How would you articulate how a business can become more profitable by being more sustainable and more environmentally conscious? Can you share a story or example?

Sustainability — a buzzword for almost everybody right now. Prioritizing feeding people and preventing harmful greenhouse gas emissions are able to simultaneously exist as twin goals. Outside of ensuring my company’s process emphasizes the end user and planet, the question of “why businesses should embrace sustainability?” in general is a no brainer. There are so many answers. On a granular level inputs and outputs rely on each other, and when one dries up, you’re f’d. When it comes to food, which is arguably the most central and critical component of our global ecosystem, it’s crucial and in my opinion, mandatory. We are living in different times, the population of our planet is soaring to 9 billion people in the next few decades — we have to embrace the idea of responsibility, and I believe it is incumbent on us as business owners to embrace and actually operate sustainably for the future. How we operate matters! The challenge is the food system, and the lack of spec solutions. Overproduction is a problem, lack of responsibility on the other side is a problem, and that lack of value turns into an unsustainable way for a business to continue to grow, or even sustain. Business owners have to do better — they have to think about HOW they operate every step of the way.

What are your “5 things I wish someone told me when I first started” and why. Please share a story or example for each.

  1. I wish someone had told me to fundraise harder at the beginning. It was always about meeting the need, which is of course altruistic. Keeping the lights on, especially understanding the criticality of reserves now in COVID times is fundamental.
  2. I wish someone had told me the difference between gratitude and obligation. I had someone who was donating a fair amount of money at the beginning, and had held a fundraiser at a property they owned. They invited a ton of fancy people, asked me to secure some fantastic chefs for a private dinner party — and then didn’t treat it as a fundraiser. As the party was winding down they told me to have the place cleaned up by the morning, and to lock up on the way out. I was all dressed up, having raised no money, cleaning this person’s house. I had basically thrown them a dinner party free of charge. Lesson learned.
  3. Not everyone will care for the reasons I think they should. And that’s 100% okay. Need a tax break? Fine by me. At the beginning, I took people’s interest and their reasons personally — and at the end of the day, I don’t answer to that. I answer to the people we serve.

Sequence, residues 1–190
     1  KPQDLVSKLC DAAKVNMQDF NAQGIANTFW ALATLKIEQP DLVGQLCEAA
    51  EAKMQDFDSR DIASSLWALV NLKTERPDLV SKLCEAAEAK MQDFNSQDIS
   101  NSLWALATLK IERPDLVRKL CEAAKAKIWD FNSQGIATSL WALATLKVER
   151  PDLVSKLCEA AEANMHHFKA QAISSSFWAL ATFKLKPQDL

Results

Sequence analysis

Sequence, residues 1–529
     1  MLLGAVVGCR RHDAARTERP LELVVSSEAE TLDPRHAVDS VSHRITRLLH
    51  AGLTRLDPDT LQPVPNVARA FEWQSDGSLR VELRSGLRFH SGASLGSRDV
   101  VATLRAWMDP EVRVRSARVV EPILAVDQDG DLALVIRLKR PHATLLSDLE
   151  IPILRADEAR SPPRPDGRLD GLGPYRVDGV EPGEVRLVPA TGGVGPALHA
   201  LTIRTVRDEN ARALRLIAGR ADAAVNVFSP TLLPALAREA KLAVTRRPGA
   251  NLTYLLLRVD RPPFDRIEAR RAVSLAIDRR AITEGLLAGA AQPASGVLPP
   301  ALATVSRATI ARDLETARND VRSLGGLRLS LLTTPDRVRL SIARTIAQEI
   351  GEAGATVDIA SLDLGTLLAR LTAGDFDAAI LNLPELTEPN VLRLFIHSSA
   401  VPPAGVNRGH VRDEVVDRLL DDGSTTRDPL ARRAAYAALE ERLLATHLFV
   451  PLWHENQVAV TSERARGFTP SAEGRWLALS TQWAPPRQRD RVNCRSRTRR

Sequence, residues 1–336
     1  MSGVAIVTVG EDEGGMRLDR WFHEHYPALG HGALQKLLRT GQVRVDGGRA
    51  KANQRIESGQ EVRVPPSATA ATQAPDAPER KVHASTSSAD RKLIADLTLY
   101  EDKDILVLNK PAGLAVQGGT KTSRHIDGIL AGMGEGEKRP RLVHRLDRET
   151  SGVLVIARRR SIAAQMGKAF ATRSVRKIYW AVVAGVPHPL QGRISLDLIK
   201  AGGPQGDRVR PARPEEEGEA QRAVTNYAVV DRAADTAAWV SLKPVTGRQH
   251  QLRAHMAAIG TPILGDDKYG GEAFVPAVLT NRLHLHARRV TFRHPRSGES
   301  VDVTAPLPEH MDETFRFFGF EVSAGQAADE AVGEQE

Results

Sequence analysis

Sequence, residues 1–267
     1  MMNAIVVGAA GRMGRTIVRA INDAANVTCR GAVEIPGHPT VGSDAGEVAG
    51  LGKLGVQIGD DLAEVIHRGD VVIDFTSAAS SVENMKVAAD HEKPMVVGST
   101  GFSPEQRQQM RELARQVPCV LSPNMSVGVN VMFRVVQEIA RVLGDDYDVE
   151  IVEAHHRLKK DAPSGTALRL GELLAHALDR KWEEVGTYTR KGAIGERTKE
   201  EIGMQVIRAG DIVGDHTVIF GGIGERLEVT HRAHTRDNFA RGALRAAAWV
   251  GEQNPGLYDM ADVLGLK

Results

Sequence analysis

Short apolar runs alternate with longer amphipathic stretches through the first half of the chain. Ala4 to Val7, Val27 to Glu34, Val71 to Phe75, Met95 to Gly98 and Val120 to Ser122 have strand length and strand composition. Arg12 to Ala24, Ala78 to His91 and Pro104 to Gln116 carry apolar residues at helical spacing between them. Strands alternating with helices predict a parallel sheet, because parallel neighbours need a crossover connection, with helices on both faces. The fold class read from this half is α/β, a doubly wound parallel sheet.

4. I wish someone had told me just how big of a jerk some men can be, especially older white men who have “industry cred.” Not much to say, except there’s been a lot of pats on my head as if to say “good job little girl, your project is nice.”
  5. Don’t try and hide your inexperience. Not having a background in nonprofit or food has given me incredible perspective and language to “bottom-line” issues that are usually “political” or danced-around. There’s freedom in that.

If you could tell other young people one thing about why they should consider making a positive impact on our environment or society, like you, what would you tell them?

Anybody can start a business. Anybody can assume the title of founder, or entrepreneur. There’s so much hype about the space, and being disruptive, and using all the buzzwords — get out there and punch today in the face! I don’t want to punch today in the face. It’s okay to be reasonable, pragmatic — maybe even rational. But don’t do it just for the sake of doing it. Find purpose, be intentional, figure out what outcomes matter to you and how you can get there.

Can you please give us your favorite “Life Lesson Quote”? Can you share how that was relevant to you in your life?

“It’s not what you do, it’s how you do it.” This literally influences every single area of my life.

Is there a person in the world, or in the US with whom you would like to have a private breakfast or lunch with, and why? He or she might just see this, especially if we tag them. :-)

Barack Obama. I am in awe of his decency. I would get coffee for his intern.

How can our readers follow you online?

To learn more about Lovin’ Spoonfuls or to donate to the organization, please visit . For the latest updates and events, join Lovin’s or follow on (@lovinspoonfuls), (@LovinFoodRescue) or (@lovinspoonfuls). My website is ashley-stanley.com and my Instagram is @real_ashley_s.

This was very meaningful, thank you so much. We wish you only continued success on your great work!

Authority Magazine

Leadership Lessons from Authorities in Business, Film…

Penny Bauder

Written by

Environmental scientist-turned-entrepreneur, Founder of Green Kid Crafts

Authority Magazine

Leadership Lessons from Authorities in Business, Film, Sports and Tech. Authority Mag is devoted primarily to sharing interesting feature interviews of people who are authorities in their industry. We use interviews to draw out stories that are both empowering and actionable.

Penny Bauder

Written by

Environmental scientist-turned-entrepreneur, Founder of Green Kid Crafts

Authority Magazine

Leadership Lessons from Authorities in Business, Film, Sports and Tech. Authority Mag is devoted primarily to sharing interesting feature interviews of people who are authorities in their industry. We use interviews to draw out stories that are both empowering and actionable.